I have kayaks with rudders and kayaks with skegs. I always believed a kayak should perform well without either. I’ve heard every argument from every angle from all kinds of different paddlers. Lots of people hold pretty strong beliefs about one vs the other. I’m not one of those people. I find rudders win the day for utility on the water, and rudders have proved to be lower maintenance among my kayaks. But I’m perfectly content with a skeg as well, and if a person prefers it, I think that’s what they should use, one way or the other. They both provide directional control assistance. For tight and quick maneuvers, both of them are in the way. Like my story above, a rudder will allow you to paddle a big wide circle with no other input. But it will prevent your stern from skidding sideways when you want a more tight pivot turn.
A comfortable fit for your feet is probably the trick for you. You need a taller deck than the typical 125 pounder. But with your height, sliding your heels back a couple inches while keeping the balls of your feet on the footpegs should raise your knees probably 6 inches, and extra deck height above skinny thighs is probably not such a big deal as it might be for a shorter person.
Enjoy your search!
CapeFear, thanks for the time you put in your post! I learned a lot and also loved reading your stories. How awesome that you got to paddle to work like that - makes me think you live in Amsterdam or Venice or something ; )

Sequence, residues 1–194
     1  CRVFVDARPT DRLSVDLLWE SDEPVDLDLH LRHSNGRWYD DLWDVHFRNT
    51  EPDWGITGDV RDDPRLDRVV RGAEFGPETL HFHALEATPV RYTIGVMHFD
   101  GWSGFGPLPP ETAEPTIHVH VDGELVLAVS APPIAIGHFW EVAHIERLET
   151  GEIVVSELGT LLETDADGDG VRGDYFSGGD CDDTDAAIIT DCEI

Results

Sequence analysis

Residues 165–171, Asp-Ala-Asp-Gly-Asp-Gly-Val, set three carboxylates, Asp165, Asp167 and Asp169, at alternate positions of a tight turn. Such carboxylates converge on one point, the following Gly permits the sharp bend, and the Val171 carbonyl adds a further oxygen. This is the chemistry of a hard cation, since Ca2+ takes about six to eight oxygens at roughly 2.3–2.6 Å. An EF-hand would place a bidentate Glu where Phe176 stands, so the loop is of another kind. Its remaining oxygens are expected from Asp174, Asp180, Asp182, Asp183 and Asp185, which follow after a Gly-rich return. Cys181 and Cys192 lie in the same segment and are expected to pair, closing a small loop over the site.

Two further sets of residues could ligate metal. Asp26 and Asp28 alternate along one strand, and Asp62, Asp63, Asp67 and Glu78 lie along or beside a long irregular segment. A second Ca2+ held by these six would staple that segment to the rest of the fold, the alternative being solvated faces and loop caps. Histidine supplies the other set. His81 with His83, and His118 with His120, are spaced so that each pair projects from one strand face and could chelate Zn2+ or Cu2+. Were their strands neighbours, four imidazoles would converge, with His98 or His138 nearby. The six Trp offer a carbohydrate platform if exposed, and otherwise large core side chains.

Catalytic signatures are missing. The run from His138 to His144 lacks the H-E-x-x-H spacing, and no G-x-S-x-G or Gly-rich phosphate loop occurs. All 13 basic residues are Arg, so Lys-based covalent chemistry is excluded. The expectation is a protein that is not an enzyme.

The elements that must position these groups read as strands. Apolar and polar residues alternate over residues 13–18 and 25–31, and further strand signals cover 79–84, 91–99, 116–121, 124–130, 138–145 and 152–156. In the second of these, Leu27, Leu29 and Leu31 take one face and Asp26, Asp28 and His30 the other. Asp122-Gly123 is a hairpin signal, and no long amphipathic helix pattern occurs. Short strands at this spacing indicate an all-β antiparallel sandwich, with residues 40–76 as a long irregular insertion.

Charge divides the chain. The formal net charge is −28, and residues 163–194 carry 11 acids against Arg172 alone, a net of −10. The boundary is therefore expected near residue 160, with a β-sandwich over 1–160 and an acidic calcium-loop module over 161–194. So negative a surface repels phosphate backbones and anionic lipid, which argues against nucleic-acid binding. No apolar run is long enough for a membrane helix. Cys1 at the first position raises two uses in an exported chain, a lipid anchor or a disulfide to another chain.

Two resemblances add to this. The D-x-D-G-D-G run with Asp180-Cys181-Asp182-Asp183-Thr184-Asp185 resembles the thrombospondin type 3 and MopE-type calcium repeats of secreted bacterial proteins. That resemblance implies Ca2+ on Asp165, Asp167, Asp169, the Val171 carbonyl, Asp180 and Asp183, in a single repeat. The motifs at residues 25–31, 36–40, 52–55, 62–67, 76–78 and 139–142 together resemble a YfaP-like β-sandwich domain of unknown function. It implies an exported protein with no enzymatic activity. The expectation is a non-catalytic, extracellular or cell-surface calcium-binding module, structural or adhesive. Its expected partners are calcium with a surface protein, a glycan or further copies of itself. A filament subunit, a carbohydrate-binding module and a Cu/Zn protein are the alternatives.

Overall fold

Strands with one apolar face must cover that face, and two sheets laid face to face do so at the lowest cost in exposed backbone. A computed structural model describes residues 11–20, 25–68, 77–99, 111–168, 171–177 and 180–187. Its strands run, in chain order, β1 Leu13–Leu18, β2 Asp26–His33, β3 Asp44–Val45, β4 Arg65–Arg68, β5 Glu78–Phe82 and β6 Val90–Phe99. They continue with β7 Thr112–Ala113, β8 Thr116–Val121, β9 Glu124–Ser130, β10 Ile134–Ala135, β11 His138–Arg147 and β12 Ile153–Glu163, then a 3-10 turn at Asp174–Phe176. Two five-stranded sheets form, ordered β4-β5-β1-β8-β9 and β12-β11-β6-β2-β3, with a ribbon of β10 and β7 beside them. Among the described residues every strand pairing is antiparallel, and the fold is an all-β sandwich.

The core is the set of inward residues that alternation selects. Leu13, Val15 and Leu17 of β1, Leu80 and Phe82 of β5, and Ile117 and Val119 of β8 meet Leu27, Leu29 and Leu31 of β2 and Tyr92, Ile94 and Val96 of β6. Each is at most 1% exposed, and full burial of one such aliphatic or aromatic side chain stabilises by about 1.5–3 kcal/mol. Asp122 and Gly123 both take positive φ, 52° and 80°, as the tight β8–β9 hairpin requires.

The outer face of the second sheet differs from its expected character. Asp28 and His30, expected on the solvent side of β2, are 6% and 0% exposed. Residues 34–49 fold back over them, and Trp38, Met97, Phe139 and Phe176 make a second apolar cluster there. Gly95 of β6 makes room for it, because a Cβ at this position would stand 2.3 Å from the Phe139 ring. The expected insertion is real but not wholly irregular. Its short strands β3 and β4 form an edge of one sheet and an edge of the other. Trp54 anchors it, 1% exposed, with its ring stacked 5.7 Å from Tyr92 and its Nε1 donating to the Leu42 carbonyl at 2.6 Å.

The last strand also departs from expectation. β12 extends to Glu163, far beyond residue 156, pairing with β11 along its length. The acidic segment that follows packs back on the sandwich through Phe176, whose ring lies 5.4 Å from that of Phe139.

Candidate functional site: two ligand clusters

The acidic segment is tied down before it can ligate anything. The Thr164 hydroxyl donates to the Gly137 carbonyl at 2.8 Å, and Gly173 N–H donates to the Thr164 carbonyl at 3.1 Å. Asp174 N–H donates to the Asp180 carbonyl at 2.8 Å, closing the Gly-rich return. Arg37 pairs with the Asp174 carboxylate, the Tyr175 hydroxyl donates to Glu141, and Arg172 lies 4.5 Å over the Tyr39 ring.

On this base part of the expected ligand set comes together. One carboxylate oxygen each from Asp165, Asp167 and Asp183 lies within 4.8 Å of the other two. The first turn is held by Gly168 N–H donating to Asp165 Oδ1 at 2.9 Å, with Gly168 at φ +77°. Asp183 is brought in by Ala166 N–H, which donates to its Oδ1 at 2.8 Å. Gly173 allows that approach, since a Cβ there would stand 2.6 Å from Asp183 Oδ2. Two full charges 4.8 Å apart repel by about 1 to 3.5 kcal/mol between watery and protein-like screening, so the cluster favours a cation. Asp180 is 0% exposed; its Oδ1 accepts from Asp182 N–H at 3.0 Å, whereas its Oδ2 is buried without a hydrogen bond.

I’ll get to paddle the Willow in a week and in the meantime I’ll keep an eye on the stock of local places. I’d love to get to test a Prana LV as well, from your and Rookie’s posts it sounds like an awesome boat.
Second what CapeFear said about skegs and rudders. I have had both, since the first they have all been skegged because the overall hull behavior I wanted came on a skegged boat. But I know much, much better paddlers than me who have done major expeditions and found that a ruddered boat made their lives appreciably easier.
I also paddled a boat that definitely paddles easier with its skeg deployed without an operating one for three seasons. Because I was too lazy to fix the skeg. I just got better at incorporating correcting stokes and moving my weight around in the bilge when I was offshore in Maine. It didn’t make for the fastest paddling but the boat, a Romany, is hardly a speedster to start with. I still don’t use it much after that time.
My speed goal paddling these days in Maine, solo, is to be home before the offshore winds really come up on days where anything will be blowing towards 10 knots or more. Which is most of them.
@justgimmethisone If you are interested in trying a couple of very different kayaks I’m not too far from you in Mason. I have a Pygmy Arctic Tern 17’ - hard chine, no skeg or rudder, and I think way too big for you and a P&H Delphin 150 lots of rocker, skeg, and a complex chine profile.